With the first four Pilatus PC-24 light jets already in service, the Swiss manufacturer is on target to deliver 23 to 24 this year, 40 next year, and then 50 per year. “We have a full order book,” Pilatus chairman Oscar Schwenk told AIN on Wednesday at EBACE 2018.
In 2014, Pilatus Aircraft (Booth L115, SD2) took orders for 84 PC-24s, which took production through mid-2020, and then the company closed the order book. Pilatus is now learning more about how the PC-24 performs in the field, how well the production line is gaining efficiency, and what improvements can be made to the jet.
Next year, Pilatus will resume taking orders, likely at a price higher than the current $8.9 million, but also with additional features and improvements, Schwenk explained. “Pilatus always improves,” he said. “There are a lot of possibilities.”
The first production PC-24, delivered to fractional-share operator PlaneSense in February, logged 180 hours in the first three weeks of service and now has 300 hours. Five of the jets have been delivered so far.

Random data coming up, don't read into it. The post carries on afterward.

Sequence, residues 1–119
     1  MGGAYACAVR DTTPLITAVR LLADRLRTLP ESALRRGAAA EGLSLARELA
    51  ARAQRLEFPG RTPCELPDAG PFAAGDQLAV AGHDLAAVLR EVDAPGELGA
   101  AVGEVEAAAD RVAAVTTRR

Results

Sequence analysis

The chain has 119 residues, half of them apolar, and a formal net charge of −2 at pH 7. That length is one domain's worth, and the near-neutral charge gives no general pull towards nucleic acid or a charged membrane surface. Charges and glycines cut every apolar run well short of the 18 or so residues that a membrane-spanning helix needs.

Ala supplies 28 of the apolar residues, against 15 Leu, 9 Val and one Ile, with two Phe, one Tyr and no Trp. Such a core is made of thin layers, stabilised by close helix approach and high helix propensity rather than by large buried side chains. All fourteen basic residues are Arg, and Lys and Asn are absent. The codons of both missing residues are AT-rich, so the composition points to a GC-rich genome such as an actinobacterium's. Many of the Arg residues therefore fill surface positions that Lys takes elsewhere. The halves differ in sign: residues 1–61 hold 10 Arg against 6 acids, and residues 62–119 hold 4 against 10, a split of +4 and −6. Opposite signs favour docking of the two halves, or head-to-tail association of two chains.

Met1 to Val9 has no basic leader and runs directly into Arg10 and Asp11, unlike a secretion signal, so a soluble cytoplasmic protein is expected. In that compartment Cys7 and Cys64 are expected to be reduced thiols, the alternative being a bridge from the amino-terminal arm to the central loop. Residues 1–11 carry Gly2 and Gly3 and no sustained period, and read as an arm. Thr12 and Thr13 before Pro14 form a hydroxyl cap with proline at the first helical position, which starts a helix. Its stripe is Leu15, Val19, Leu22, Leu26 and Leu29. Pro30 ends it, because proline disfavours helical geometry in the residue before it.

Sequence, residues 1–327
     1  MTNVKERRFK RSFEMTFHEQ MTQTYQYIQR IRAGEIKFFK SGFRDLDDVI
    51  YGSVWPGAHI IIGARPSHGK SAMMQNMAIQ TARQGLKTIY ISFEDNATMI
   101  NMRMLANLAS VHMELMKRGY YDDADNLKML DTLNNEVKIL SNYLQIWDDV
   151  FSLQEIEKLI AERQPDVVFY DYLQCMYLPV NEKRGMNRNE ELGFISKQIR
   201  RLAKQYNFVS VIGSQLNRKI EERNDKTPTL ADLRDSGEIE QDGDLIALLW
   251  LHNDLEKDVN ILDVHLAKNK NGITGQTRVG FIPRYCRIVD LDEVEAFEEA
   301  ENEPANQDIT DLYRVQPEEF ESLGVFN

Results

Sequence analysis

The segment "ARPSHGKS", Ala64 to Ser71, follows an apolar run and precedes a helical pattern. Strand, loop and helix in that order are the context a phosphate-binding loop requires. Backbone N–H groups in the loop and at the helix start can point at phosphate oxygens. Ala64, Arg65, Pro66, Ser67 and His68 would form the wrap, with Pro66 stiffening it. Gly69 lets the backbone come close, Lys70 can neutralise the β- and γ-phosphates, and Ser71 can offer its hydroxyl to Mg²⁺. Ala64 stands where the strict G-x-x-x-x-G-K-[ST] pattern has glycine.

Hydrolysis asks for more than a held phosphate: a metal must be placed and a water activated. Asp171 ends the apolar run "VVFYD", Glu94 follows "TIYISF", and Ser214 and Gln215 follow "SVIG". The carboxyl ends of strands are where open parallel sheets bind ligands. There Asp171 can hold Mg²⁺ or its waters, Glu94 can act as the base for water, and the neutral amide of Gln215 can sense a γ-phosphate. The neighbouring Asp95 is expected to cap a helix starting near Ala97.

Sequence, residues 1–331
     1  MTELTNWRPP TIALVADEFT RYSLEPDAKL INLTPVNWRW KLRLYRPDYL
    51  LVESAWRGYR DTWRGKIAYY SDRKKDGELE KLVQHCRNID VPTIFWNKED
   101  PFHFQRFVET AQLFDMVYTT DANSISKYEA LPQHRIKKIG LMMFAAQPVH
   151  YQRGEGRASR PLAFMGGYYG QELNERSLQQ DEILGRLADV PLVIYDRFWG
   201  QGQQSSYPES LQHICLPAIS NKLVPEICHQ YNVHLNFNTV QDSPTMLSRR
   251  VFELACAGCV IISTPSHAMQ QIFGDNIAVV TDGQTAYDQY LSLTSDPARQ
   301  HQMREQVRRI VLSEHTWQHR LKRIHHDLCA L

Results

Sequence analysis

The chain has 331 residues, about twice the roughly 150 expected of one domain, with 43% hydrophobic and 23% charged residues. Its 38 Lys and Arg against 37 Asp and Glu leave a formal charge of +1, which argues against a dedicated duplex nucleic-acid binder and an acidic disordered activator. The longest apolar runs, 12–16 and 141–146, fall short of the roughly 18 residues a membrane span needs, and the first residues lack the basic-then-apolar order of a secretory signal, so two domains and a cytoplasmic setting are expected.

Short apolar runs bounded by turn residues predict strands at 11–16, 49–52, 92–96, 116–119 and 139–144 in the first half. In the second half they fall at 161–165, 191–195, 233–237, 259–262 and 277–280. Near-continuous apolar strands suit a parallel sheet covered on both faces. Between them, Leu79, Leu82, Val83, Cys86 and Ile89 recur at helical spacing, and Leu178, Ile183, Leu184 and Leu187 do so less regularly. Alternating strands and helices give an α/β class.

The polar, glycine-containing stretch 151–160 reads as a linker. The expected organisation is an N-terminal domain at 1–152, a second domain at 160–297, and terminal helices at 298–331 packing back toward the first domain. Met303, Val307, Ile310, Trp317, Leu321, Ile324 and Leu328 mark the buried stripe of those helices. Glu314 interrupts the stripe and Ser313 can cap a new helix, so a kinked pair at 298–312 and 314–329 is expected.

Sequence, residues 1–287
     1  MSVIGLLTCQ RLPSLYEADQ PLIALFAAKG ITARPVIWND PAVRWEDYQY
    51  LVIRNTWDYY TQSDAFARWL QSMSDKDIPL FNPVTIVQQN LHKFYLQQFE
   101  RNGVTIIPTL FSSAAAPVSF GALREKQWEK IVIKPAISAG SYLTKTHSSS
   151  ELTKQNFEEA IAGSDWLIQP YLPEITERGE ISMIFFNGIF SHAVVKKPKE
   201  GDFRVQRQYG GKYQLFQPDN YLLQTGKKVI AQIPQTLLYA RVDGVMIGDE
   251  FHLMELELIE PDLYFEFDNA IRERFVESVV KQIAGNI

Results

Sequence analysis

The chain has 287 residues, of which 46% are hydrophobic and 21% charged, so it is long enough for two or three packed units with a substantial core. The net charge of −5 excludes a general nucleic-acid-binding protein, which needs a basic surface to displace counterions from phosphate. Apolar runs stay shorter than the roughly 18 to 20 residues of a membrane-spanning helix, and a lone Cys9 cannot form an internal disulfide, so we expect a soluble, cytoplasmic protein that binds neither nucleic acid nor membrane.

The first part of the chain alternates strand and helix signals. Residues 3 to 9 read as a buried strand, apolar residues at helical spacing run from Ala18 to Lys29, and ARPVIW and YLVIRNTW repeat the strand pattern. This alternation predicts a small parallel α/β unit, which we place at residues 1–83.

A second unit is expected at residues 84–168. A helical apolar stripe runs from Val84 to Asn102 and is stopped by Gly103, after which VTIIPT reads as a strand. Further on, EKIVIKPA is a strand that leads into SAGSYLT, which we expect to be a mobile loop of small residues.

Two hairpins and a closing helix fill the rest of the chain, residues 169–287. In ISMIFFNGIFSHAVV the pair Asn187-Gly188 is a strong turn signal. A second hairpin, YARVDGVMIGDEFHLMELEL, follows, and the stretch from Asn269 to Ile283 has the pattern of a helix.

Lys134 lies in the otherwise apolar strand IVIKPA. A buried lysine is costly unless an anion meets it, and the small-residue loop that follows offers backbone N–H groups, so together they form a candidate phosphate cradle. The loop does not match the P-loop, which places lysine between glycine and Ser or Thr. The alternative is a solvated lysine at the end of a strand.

Pilatus’s 24/7 product support teams in the U.S. and Switzerland are up and running, with field service engineers and technicians trained and ready. But so far there have been no problems with those flying in the field, Schwenk said.
Next up for Pilatus is proving the rough-field capability of the PC-24. While certification isn’t technically required for that, government operators prefer some kind of approval, Schwenk explained. Pilatus is testing operations on dirt and grass airstrips in combination with steep approaches.
For operators, rough-field operations will make available 20,000 additional non-paved airstrips around the world, making it easier to fly closer to the intended destination. The steep approach and rough-field testing should be done by year-end, with approval in early 2019.
Having obtained EASA and then, within one hour, FAA type certification in December—the first time in history, according to Schwenk—Pilatus will next obtain type approval in countries with the largest numbers of orders, such as Canada and Australia, followed by countries in the Middle East and Asia.